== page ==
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and obedience will be exercised with temptation. Watch and pray that ye yield not to these temptations. Secure as you may think yourselves at this moment, beware of trusting to your own resolutions, or of depending on your own strength, but « let him that standeth “ take heed lest he fall.” On God alone build with a pure and unswerving trust. Put all your hope and confidence on the Almighty Guardian and Shepherd of Israel. Place your soul in the keeping of Him who never slumbers nor sleeps, and who alone can give the victory, and can present you faultless before the presence of his glory with exceeding joy.— Amen.

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SERMON XI.

ON CONFESSION OF SIN.

PROVERBS xxviii. 13.

He that covereth his sins, shall not prosper ; but whoso confesseth them, shall have mercy.

NOTHING can be more clearly revealed to us in the Sacred Scriptures, than that « all men have sinned, and come short of “ the glory of God.” The uniform experience of all ages, and the admonitions of conscience in every breast, bear witness to the melancholy truth. Sinless obedience is an attainment to which the most eminent saint while on this earth can lay no claim : for there is not a just “ man upon earth, that doeth good and 6 sinneth not."

Should any, then, be so far puffed up with pride, so self righteous, as to arro

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gate to himself perfection or infallibility, the voice both of Nature and Revelation loudly proclaims the falsity of all such pretensions. Widely different were the sentiments of the pious Job

upon

this subject : “ If I justify myself, mine own “ mouth shall condemn me; if I say " perfect, it also should prove me per“ verse."-Hence, it appears, that confession of sin is a duty which is not only perfectly consistent with our present state, but one which the best and the wisest of men have ever judged due to their Maker. “ He that covereth his sins shall not prosper ;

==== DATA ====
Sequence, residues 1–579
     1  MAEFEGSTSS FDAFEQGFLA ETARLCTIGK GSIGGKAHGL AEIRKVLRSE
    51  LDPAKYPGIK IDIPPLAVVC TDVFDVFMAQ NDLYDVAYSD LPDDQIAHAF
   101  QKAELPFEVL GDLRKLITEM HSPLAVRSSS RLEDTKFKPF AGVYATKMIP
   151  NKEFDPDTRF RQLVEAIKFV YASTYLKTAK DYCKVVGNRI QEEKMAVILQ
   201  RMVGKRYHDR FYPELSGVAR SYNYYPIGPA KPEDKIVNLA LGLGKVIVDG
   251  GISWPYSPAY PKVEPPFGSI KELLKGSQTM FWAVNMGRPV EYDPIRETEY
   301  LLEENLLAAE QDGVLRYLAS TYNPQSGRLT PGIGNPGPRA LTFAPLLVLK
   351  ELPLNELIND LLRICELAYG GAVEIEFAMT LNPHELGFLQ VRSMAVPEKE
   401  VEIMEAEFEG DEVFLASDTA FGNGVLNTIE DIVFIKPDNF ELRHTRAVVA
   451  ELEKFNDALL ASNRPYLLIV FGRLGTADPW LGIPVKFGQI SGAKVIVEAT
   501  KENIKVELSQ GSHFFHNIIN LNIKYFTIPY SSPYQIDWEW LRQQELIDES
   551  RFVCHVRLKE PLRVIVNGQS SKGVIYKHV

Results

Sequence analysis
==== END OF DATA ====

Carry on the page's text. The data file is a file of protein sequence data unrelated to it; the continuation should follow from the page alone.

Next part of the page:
but whoso confesseth them shall « have mercy."

In farther discoursing, it shall, under the divine blessing, be

my endeavour, 1. To describe the nature of the duty here recommended, of making confession of sin unto God,-and,

II. To illustrate the argument which is set forth in the text, to encourage us to the performance of this duty.

I. It is not my intention to spend time in refuting the arguments employed by the Church of Rome, for pressing such

texts as this into the service of auricular confession, i. e. the private acknowledge ment of the sins of the people to the priest. It is well known, that this

practice, instead of being serviceable to the interests of religion, has opened a door to all manner of licentiousness, and has been prostituted to serve the vilest of purposes. By this stratagem the designing and rapacious rulers of that church become acquainted with the private circumstances and secret transactions of their people, and fail not to make use of this information for keeping them in awe, while they are carrying on schemes for maintaining and extending their own wealth

This practice, too, must, in the way

in which they manage it, have a mighty tendency to render the great precepts of religion of no effect, and to corrupt the manners of the people. For when once men are made to believe that they have it in their power at any time, and at an easy rate, to obtain a full pardon of all their sins, the strongest check upon vice is removed, and the utmost freedom is presented for the unlimited indulgence of every vicious passion. It

and power.

cannot, however, be denied, that both public and private confession unto men, may in many cases be not only warrantable and innocent, but highly useful and expedient. Public and scandalous offences require public acknowledgment, and public satisfaction made to the society to which such offence has been given: And in some cases private confession to a faithful minister of Christ, or to some friend or person of superior knowledge and sanctity, may

be

necessary for unburdening a troubled conscience, and for obtaining comfort and direction for future conduct.

But none of these is the confession spoken of in the text.

It is God's prerogative, and God's only, to forgive sin, and to him, therefore, confession must be made, if we would look for the blessing annexed to this duty. As it is not confession unto men, therefore, but unto God that is here meant, so neither is it the end and design of this duty to inform God of our sins, as if he were ignorant of the least of them. No, my friends, he is fully acquainted with all our ways; he knows the very thoughts of our hearts

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